28 February 2019

The Kubo Singularity

The big three Japanese pen companies make their own nibs, and it seems very hard to get those nibs as spare parts or as third party nibs for other makers. However, there are cases of that:

Hakase uses Pilot and Sailor nibs with their own original imprint. Ohashido and Taccia do the same with Sailor nibs.


A Pilot nib labeled as Hakase.

The rest either use Pilot nibs without any modification –StyloArt Karuizawa— or use some of the traditional supplies of third party nibs: Bock for Eboya and Masahiro (although previously Masahiro implemented Pilot nibs); JoWo for Taccia (lower end pens) and Wajimaya Zen-ni.


A JoWo nib labeled as Taccia.

The newcomer Iwase Seisakusho aims at sourcing its nibs from old nibmeister Kubo Kohei for its original pens. However, this is still an uncertain operation whose continuity we can only speculate about. Not to mention that the old age of Kubo Kohei –pushing 90 years old-- might affect any plan for a long term supply of parts.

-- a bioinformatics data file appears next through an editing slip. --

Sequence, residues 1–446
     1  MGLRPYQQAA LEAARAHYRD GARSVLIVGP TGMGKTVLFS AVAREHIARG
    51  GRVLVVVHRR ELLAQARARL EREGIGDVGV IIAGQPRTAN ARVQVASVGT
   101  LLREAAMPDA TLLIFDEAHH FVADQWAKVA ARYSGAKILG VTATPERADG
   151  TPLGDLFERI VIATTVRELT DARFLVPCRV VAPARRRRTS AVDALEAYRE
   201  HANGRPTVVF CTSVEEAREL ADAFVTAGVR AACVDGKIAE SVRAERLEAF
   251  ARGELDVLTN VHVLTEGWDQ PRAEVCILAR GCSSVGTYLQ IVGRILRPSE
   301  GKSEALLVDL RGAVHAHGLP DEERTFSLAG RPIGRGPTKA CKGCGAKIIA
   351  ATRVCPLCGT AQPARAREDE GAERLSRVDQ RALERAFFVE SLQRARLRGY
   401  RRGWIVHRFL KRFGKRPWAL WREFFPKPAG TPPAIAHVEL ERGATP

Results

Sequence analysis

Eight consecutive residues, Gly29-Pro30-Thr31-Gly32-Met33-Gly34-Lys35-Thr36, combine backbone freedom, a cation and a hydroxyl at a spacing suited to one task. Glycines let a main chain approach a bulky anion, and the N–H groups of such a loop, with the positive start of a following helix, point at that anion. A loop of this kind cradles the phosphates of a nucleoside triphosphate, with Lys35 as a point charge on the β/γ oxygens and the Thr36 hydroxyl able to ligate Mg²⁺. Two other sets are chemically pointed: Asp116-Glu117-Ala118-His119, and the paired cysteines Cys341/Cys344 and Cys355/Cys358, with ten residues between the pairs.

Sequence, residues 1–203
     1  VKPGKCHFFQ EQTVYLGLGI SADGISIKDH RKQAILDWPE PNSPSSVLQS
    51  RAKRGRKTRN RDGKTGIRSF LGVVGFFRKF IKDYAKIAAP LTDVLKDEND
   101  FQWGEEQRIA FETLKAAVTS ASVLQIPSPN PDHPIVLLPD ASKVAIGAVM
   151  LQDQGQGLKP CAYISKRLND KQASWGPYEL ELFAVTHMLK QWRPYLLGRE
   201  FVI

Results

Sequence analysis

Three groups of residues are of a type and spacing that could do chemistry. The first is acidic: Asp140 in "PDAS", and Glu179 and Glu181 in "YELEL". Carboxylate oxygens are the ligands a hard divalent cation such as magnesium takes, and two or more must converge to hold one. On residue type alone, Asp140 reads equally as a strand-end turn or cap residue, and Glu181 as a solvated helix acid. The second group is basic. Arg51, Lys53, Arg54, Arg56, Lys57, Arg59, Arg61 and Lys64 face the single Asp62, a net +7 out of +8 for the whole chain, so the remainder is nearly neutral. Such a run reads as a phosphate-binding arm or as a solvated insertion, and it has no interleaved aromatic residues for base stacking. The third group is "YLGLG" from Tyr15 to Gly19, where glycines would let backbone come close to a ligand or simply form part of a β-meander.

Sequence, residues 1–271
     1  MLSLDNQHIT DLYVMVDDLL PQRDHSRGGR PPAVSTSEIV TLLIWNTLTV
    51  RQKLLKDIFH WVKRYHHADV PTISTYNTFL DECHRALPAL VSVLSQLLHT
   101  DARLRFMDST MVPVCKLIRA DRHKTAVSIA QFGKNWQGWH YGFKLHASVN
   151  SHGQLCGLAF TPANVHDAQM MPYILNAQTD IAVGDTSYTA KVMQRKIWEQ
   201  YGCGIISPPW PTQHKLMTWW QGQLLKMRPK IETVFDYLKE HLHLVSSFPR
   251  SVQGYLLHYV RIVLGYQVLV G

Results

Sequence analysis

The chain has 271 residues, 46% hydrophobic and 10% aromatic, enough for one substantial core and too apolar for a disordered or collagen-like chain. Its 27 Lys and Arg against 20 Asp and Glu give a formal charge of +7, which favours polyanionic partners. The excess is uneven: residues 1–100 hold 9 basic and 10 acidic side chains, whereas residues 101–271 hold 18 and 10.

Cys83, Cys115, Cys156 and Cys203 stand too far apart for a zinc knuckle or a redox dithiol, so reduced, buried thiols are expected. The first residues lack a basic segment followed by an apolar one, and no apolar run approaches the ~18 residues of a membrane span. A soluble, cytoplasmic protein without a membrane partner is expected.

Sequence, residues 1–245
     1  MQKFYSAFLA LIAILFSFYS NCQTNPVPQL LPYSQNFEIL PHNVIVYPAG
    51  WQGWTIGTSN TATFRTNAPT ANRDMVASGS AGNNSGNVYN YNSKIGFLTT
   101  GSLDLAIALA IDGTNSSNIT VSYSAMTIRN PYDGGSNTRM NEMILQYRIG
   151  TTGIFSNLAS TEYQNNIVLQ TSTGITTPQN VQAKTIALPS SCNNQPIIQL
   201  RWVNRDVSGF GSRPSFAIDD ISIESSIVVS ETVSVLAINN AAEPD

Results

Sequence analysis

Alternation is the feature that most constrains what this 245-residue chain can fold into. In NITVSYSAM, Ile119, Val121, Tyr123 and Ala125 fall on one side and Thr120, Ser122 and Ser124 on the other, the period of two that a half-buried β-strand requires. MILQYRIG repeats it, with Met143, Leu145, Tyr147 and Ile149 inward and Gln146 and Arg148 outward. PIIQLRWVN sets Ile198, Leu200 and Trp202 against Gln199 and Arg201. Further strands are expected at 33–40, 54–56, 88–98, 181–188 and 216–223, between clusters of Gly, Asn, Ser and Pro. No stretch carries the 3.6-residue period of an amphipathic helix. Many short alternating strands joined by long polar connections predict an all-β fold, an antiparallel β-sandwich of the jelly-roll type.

Nibmeister Kubo at work.

But the bottom line is that Kubo Kohei is the sole independent maker of nibs in Japan, and his production is small, slow and artisanal.

Is there room –and market— for another independent operation in Japan to supply nibs and feeds to small pen companies?


Iwase Seisakusho prototype with Henckel nib – Takeda Jimiku Hisoku

Bruno Taut
Chuo, February 12th 2019
Etiquetas: Pilot, plumín, mercado, Sailor, Eboya, Hakase, Ohashido, Iwase Seisakusho, Taccia, Bock, JoWo, Wajimaya, nibmeister Kubo Kohei

2 comments:

Saltire Turquoise said...

"Is there room –and market— for another independent operation in Japan to supply nibs and feeds to small pen companies?" I really hope so

Bruno Taut said...

So do I!

Thanks for passing by, Saltire.

BT

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